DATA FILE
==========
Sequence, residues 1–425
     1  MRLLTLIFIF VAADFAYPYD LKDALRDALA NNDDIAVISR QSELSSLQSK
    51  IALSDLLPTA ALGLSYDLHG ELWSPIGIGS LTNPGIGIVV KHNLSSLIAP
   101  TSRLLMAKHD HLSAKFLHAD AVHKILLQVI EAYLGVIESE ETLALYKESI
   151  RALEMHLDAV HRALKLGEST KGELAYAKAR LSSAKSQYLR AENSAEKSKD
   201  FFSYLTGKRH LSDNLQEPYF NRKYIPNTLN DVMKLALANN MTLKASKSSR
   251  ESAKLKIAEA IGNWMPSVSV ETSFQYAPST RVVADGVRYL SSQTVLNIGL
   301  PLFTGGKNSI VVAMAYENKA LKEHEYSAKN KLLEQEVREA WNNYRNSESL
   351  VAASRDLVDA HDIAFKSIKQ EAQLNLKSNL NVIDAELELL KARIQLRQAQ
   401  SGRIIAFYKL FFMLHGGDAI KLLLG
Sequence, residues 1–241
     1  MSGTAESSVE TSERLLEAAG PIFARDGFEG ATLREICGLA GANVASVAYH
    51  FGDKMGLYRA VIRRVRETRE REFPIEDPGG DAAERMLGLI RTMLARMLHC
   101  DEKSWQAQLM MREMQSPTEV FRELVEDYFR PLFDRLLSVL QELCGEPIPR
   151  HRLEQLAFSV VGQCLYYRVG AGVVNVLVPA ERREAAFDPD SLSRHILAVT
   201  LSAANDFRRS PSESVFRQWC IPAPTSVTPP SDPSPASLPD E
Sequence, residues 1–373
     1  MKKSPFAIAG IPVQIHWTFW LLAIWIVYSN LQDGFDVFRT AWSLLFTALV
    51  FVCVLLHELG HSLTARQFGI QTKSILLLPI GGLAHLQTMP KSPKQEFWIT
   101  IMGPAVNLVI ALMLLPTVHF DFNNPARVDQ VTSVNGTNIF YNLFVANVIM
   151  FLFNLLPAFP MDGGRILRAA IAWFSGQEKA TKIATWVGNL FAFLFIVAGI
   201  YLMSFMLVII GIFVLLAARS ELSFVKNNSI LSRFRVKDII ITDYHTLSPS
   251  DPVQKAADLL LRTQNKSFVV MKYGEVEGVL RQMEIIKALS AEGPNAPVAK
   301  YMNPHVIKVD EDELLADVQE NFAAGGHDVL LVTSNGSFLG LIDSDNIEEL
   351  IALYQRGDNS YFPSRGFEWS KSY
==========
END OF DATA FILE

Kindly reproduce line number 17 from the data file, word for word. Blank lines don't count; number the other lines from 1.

Sequence, residues 1–373